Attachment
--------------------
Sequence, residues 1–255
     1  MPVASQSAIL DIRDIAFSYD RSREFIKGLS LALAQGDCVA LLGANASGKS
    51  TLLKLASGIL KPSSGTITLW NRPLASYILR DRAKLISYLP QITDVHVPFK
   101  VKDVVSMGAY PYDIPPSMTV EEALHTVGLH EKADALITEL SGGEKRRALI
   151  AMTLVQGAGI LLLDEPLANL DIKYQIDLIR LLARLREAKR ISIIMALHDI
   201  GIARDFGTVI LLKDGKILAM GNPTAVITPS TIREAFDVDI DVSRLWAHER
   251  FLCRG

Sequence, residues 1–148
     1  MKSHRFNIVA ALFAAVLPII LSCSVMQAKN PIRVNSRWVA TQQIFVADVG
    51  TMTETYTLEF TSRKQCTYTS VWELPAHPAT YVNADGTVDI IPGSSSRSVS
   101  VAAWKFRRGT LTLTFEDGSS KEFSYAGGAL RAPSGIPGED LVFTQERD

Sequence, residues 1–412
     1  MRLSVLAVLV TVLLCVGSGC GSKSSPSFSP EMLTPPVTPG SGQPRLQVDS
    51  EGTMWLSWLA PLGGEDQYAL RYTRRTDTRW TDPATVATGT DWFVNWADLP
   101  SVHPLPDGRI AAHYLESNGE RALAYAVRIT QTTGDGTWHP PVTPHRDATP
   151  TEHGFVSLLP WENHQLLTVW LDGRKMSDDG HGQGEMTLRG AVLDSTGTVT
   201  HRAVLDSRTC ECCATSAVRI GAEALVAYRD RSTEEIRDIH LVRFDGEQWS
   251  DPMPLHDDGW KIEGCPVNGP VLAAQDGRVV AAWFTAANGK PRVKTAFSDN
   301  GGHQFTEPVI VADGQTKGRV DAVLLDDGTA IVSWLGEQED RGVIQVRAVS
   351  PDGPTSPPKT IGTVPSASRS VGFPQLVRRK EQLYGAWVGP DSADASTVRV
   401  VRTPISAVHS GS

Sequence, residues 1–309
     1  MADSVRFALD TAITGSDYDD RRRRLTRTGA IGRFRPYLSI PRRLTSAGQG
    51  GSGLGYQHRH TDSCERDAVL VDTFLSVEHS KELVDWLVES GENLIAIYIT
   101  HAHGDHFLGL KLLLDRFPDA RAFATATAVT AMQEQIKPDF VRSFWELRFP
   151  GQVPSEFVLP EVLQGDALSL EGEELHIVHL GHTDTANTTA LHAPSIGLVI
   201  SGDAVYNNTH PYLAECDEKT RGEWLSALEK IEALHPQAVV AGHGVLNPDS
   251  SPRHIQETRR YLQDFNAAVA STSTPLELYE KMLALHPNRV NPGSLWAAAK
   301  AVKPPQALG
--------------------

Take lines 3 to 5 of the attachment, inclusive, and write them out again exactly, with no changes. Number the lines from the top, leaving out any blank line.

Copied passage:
    51  TLLKLASGIL KPSSGTITLW NRPLASYILR DRAKLISYLP QITDVHVPFK
   101  VKDVVSMGAY PYDIPPSMTV EEALHTVGLH EKADALITEL SGGEKRRALI
   151  AMTLVQGAGI LLLDEPLANL DIKYQIDLIR LLARLREAKR ISIIMALHDI